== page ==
Salting during snowfalls - how little is enough to prevent snow compaction?
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During snowfalls, snow fallen on roads gets compact by traffic and can form an extremely slippery and dangerous road surface. The objective of winter maintenance operations is to ensure road mobility and traffic safety. Typical winter maintenance operations during snow falls are mechanical removal of snow (snow plowing) and altering the snow by the use of de-icers. The most commonly used de-icer is the sodium chloride (NaCl). The use of NaCl is economically demanding as well as detrimental for water and vegetation lying alongside the road surface. In recent years in Norway, more than 250,000 metric cubic tons of NaCl have been applied on roads during winter time. Therefore, there is a growing desire among road agencies to optimize the use of salt on roads without compromising traffic safety. To accomplish this goal, more knowledge is required on the influence of NaCl on the mechanical properties of snow. The focus of this thesis is on the optimization of salt in order to prevent snow compaction during snowfalls. In order to optimize the amount of NaCl used during snowfalls, the way salt affects snow and tire-pavement interaction must be better understood. More specifically, the minimum amount of salt that is needed to bring snow in a weak, cohesionless state is still to be determined. To my knowledge, the application of salt is mainly based on the experience of winter maintenance personnel and not scientifically based. Therefore there is a need for more knowledge on salted snow and its behavior during mechanical actions. With indoor and outdoor studies, this thesis aimed to understand the behavior of salted snow under the effect of tire compression and explored applicability of this knowlegde in realistic conditions.The behavioral understanding of snow mixed with diluted NaCl aqueous solution provided in this thesis are: ·For a given load, the snow containing NaCl solution gets compressed to a higher density, compared to snow without NaCl solution. A solution content of 10 wt.% inside the snow increased the density of the snow crystals with up to 30%, compared to pure snow. Beyond 10 wt.% solution content, the density of the compressed snow does not increase but it flattens out. ·Despite the higher density, the presence of NaCl aqueous solution weaken the compressed snow. An solution content of 5wt.% - 10 wt.% is able to substantially reduce the strength of ice in grain-grain contact, such that snow is easily removed mechanical action. ·During the mechanical compression, the presence of NaCl solution increased significantly the flowability of the snow. With 10 wt.% solution content the amount of snow that was squeezed out of the contact area of a rolling test tire (7.2 km/h) increased by more than 50 %, compared to pure snow. Further increase in solution content (up to 40 wt.%) does only slightly increase the squeeze out. ·The field investigation suggest that a solution content of 5-10 wt.% (diluted) NaCl solution is enough to prevent compacted snow formation. 10 wt.% was enough to get the snow removed by the effect of 20 vehicle passes, whereas 5 wt.% was enough to remove the snow by a scraping blade. These estimates are considered conservative as they were obtained under conditions of that create most severe snow compaction (slow driving, close to 0°C). ·The minimum amount of salt (in g/m2) is calculated for a given snow fall, using the criterion of 5 and 10 wt.% NaCl solution content. To determine an actual application rate, a safety factor remains to be determined to account for salt loss during and after spreading.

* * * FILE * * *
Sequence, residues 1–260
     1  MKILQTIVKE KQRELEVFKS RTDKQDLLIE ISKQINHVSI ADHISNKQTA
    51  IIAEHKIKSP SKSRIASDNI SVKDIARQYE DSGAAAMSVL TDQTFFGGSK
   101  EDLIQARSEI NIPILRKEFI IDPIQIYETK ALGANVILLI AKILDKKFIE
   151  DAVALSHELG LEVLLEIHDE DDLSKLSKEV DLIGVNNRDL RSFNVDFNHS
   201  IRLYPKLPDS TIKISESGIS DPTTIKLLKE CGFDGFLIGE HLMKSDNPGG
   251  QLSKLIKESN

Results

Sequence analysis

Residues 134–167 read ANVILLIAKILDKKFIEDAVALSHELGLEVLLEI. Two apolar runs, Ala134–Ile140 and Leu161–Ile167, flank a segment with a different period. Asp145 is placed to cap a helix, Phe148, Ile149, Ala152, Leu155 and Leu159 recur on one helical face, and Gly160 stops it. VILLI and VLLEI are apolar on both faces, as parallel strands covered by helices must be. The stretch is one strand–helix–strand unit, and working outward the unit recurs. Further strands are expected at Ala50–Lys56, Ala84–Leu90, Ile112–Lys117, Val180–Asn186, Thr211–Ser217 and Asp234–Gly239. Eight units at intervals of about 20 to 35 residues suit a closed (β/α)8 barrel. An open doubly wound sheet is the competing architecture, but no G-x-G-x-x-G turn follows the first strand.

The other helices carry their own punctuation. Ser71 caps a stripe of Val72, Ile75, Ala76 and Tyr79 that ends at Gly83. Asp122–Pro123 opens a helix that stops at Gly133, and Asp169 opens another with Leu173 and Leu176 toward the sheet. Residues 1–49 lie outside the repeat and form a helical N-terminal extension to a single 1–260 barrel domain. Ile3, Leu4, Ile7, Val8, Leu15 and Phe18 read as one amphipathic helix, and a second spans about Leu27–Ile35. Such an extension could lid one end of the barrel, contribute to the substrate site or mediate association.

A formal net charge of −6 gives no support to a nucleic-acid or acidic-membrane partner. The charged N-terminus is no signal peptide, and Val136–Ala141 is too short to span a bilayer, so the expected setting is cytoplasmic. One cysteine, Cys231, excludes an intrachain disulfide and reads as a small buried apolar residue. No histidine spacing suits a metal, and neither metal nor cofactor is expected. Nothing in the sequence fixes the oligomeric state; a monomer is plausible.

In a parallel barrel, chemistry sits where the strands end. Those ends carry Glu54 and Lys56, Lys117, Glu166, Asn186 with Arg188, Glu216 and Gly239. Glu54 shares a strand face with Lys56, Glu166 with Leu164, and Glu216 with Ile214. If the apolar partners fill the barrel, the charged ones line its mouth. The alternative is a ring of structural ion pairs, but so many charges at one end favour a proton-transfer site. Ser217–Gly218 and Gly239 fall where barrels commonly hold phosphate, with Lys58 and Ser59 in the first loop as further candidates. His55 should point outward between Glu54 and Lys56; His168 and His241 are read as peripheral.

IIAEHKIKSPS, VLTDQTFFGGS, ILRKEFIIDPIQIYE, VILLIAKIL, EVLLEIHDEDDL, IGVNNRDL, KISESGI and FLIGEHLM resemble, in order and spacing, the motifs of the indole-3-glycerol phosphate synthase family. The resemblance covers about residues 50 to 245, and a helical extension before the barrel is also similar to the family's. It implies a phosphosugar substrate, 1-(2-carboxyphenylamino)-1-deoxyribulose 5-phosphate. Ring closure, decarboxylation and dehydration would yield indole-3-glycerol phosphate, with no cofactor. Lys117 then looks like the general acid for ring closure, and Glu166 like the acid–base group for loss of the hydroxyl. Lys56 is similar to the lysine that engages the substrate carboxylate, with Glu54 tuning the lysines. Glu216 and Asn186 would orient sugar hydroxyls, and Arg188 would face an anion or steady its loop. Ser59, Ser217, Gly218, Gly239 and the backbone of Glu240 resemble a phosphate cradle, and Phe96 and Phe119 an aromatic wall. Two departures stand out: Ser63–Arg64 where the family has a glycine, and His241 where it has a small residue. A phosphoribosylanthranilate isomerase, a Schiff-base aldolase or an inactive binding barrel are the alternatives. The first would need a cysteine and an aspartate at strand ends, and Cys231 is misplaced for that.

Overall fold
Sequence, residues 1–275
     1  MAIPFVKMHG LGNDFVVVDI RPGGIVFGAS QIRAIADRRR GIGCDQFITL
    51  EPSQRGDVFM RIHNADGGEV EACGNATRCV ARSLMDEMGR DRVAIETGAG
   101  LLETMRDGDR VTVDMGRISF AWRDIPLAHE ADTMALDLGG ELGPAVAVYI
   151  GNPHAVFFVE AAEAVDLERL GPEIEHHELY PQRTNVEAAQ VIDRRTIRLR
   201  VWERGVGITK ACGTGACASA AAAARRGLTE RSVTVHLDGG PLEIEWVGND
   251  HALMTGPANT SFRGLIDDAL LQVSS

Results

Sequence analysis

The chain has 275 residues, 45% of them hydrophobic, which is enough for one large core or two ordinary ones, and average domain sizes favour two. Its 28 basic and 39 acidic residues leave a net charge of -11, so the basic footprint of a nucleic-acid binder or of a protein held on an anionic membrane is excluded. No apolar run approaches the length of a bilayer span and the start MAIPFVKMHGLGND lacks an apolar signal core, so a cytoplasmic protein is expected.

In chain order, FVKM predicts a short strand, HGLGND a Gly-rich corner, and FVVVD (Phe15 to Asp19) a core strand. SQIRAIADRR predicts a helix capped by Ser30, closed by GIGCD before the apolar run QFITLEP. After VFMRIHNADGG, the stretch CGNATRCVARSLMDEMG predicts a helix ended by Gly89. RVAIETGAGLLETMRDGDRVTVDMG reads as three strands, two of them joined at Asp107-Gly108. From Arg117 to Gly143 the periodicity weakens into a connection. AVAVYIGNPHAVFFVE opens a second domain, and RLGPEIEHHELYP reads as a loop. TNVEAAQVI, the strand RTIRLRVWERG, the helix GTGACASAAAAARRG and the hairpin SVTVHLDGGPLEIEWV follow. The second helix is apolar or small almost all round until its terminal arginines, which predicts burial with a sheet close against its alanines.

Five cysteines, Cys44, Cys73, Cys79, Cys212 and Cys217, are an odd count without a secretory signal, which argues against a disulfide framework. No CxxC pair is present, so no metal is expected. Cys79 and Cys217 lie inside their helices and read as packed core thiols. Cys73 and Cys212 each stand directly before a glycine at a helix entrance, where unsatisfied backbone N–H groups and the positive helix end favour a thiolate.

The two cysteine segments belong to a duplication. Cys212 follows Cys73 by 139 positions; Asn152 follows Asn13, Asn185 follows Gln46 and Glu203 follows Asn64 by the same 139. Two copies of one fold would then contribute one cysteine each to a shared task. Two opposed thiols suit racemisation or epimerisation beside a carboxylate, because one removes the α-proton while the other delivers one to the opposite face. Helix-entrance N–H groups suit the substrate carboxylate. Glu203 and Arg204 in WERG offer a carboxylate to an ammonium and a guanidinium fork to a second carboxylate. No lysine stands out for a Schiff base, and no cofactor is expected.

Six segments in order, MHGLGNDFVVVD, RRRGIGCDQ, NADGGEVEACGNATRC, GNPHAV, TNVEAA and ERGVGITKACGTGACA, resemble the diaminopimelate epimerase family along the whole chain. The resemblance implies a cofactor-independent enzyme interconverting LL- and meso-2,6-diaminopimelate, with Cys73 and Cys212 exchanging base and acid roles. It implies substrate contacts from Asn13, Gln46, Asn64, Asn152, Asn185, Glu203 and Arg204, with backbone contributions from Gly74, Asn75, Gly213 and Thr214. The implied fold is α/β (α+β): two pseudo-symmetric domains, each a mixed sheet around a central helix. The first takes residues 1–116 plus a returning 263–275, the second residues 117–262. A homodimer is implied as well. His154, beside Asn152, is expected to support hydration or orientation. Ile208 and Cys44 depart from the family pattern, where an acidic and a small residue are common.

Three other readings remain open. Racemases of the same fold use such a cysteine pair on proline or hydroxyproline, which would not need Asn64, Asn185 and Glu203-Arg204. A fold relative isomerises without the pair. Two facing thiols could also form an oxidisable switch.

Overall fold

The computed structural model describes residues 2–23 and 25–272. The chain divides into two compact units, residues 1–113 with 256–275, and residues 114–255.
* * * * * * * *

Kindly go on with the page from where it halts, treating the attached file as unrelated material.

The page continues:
Has partsPaper 1: Giudici, Henri; Wåhlin, Johan; Klein-Paste, Alex. Uniaxial compression on salted snow. Tire Science and Technology 2018 ;Volum 46.(1) s. 16-26 Is not included due to copyright available at https://doi.org/10.2346/tire.18.460104
Paper 2; Tire-pavement interaction in contact with presence of salted snow: How an aqueous solution affects the compression, squeeze out and compaction of snow - This material may be downloaded for personal use only. Any other use requires prior permission of the American Society of Civil Engineers. This material may be found at https://doi.org/(ASCE)CR.1943-5495.0000192
Paper 3: Giudici, Henri; Fenre, Mathis Dahl; Rekilä, Katja-Pauliina; Klein-Paste, Alex. A Technical Description of LARS and Lumi: Two Apparatus for Studying Tire-Pavement Interactions. Routes/Roads Magazine 2017 (375) Suppl. 4 s. 49-54
Paper 4: The influence of aqueous solution on compacted snow: a field investigaton. This material may be downloaded for personal use only. Any other use requires prior permission of the American Society of Civil Engineers. This material may be found at https://doi.org/10.1061/(ASCE)CR.1943-5495.0000195